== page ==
AcroYoga is a relatively young yoga style that is becoming increasingly known and popular. What sets it apart from other styles of yoga is that AcroYoga exercises are practiced in pairs of two. One person lies on the ground and lets the other person fly. The partner exercises in AcroYoga combine the wisdom of Yoga with the benevolence of a Thai massage and the dynamic energy of acrobatics.
This form of yoga is suitable for everyone who is curious about something new. With AcroYoga you practice trust, letting go and concentration and can promote your creativity.
The word "Acro" comes from the Greek and means "high" or "sublime".
The history of AcroYoga
AcroYoga was developed in 2003 in the USA by Jenny Sauer-Klein and Jason Nemer. Since 2006 there has been an official training to become an AcroYoga teacher. There are around 120 trained teachers worldwide - not that many. By the way, AcroYoga is a registered trademark and legally protected, so only certified teachers are allowed to use the term.
You can now find courses with names like "Yoga Fly "or" Yoga & Acrobatics". These are similar forms of partner acrobatics and you can easily see whether it is the "original".
AcroYoga for Beginners: What should you watch out for?
As an AcroYoga beginner, we recommend practicing with an officially certified AcroYoga teacher to protect against injury. It should be one exercise per week to make progress.
As an AcroYoga beginner you should be physically healthy. It is helpful to have a basic level of flexibility, body tension and a stable core, even if these points can be improved through regular practice.
No fear of physical contact is of course an advantage - which is exactly what you train in AcroYoga. As a beginner, a known, trusted person is often helpful as a partner.
The core element of AcroYoga exercises is flying. This means that one partner lifts the other in the air and the other - virtually flying - performs various exercises or assumes positions. The most famous AcroYoga figure is also called Flyer or Frontbird.
These figures exist in AcroYoga:
- Base: Person lying below
- Flyer: upper person who is carried by the base
- Spotter: gives assistance and takes care
A spotter is recommended for beginners. He gives help with the figures and can prevent falls. If you are already advanced and feel safe, you can possibly do without a spotter.
Basically, base and flyer should swap roles. But it often turns out that the heavier person is on the bottom. But weight is only one criterion - the base needs enough strength to give the flyer security and stability.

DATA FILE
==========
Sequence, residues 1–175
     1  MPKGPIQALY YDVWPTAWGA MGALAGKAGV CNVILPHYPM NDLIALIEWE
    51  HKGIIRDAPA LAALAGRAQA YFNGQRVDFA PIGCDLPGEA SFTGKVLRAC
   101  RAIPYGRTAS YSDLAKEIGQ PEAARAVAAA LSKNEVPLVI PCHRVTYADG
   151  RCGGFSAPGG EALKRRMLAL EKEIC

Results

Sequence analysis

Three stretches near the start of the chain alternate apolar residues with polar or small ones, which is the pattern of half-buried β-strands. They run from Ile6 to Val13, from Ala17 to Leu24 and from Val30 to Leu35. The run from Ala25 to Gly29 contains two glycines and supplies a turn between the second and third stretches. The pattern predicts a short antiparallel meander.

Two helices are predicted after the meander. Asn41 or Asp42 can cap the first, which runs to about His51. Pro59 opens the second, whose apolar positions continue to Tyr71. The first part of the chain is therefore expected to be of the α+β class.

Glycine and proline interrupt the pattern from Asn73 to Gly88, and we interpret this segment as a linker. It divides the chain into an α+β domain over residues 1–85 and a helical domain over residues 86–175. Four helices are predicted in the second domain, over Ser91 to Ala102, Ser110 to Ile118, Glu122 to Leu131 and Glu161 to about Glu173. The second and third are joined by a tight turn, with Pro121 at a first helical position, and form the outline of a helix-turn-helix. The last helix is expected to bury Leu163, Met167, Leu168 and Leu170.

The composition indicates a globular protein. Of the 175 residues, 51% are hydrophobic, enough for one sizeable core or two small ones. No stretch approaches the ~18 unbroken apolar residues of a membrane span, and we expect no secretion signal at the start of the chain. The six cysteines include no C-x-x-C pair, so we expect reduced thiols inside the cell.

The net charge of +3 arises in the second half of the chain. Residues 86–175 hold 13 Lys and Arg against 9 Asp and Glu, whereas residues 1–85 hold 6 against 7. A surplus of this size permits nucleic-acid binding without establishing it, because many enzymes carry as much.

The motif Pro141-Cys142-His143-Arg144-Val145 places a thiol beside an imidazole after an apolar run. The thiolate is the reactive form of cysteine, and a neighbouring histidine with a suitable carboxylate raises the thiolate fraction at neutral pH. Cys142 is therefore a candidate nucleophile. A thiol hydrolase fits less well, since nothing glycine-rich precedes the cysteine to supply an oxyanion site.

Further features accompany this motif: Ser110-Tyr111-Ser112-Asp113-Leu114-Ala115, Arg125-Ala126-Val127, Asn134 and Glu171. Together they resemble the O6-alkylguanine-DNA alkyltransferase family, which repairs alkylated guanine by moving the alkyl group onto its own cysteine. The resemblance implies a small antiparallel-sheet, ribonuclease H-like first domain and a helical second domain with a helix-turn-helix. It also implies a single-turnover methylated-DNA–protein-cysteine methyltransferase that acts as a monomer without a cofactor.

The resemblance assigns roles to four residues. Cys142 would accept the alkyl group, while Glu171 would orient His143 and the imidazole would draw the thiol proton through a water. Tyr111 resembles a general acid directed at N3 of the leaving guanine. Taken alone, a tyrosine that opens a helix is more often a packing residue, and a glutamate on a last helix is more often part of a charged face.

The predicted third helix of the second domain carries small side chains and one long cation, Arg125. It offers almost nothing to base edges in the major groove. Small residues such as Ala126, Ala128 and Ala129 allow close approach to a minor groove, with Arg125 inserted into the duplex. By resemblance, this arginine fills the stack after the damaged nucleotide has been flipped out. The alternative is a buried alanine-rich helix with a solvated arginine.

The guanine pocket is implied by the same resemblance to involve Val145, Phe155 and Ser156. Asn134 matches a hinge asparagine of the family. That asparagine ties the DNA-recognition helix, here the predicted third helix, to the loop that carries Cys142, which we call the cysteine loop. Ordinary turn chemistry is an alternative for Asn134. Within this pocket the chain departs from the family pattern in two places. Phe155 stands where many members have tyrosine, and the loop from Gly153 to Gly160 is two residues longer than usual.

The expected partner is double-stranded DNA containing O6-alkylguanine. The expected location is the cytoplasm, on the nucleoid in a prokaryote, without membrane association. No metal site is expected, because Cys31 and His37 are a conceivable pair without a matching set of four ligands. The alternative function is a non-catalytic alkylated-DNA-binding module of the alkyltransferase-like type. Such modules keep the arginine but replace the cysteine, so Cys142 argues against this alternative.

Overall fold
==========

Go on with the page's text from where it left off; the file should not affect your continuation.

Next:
AcroYoga is a creative, demanding full-body workout. Physically, this form of Yoga for more flexibility trains coordination, balance, body tension and concentration. In addition, you can practice letting go, (self) confidence and relaxation. AcroYoga pours an enormous amount of happiness and enables you to come into contact with yourself and others - not just on a physical level.
There are two different ways of flying:
In therapeutic flying, the base carries the flyer on hands and feet and for the person flying it is about letting go and relaxing - in the physical and mental sense. The flyer may give up any body tension and allow himself to be carried by the base. The base enhances this effect with gentle movements or massages. The therapeutic flying can be intensified through breathing techniques.
This form of flying is a little less physically demanding than acrobatic flying, so it is also suitable for beginners.
In contrast to therapeutic flying, acrobatic flying is about dynamic exercises that require full body tension. With this variant of partner acrobatics, flyers and base can live out their creativity together, practice balance and coordination and constantly discover new figures.
Acrobatic flying requires a certain basic level of fitness. If you already have that, you can dare to do acrobatic partner exercises, otherwise you might start with the therapeutic, more relaxed variant.
AcroYoga: figures and exercises
The AcroYoga exercises and figures are basically based on the classic Asanas , that you may already know from other yoga styles. With the difference that they are not carried out on the ground, but by the flyer in the air.
If you are healthy and curious, you can do AcroYoga without any previous experience. Basic knowledge of other yoga styles may make it a little easier, but it is not a requirement. Admittedly, the acrobatic AcroYoga figures require a little practice and are quite exhausting, but it's worth it!
Here are a few examples of AcroYoga exercises:
At the throne, the flyer sits on the soles of the base's feet. The base supports the feet of the flyer. You can enter this figure either from a standing position or, for advanced users, dynamically from the Frontbird.
With candlesticks, the flyer does a shoulder stand on the base's outstretched arms. He rests his hands on the base's thighs. To get into this reverse position, the flyer places his feet to the right and left of the base's hips. The Flyer bends the upper body forward so that the base can grip the shoulders. The flyer shifts his weight forward, moves his feet to the base's knees and can slowly stretch his legs up from there.
The flyer puts his feet to the right and left of the base's head, the eyes go to the feet. The base stretches the legs up and brings the feet to the shoulders of the flyer. The hands interlock. With a slight jump, the flyer goes into an inverted position and does a headstand. Either the legs can be stretched straight up or to both sides - like a star. If you feel safe, you can let go of your hands and stretch them to the sides as well.
Practitioners repeatedly report that AcroYoga induces strong feelings of happiness. In addition, you train your body and your (self) confidence. We think: There are many good reasons to try it out.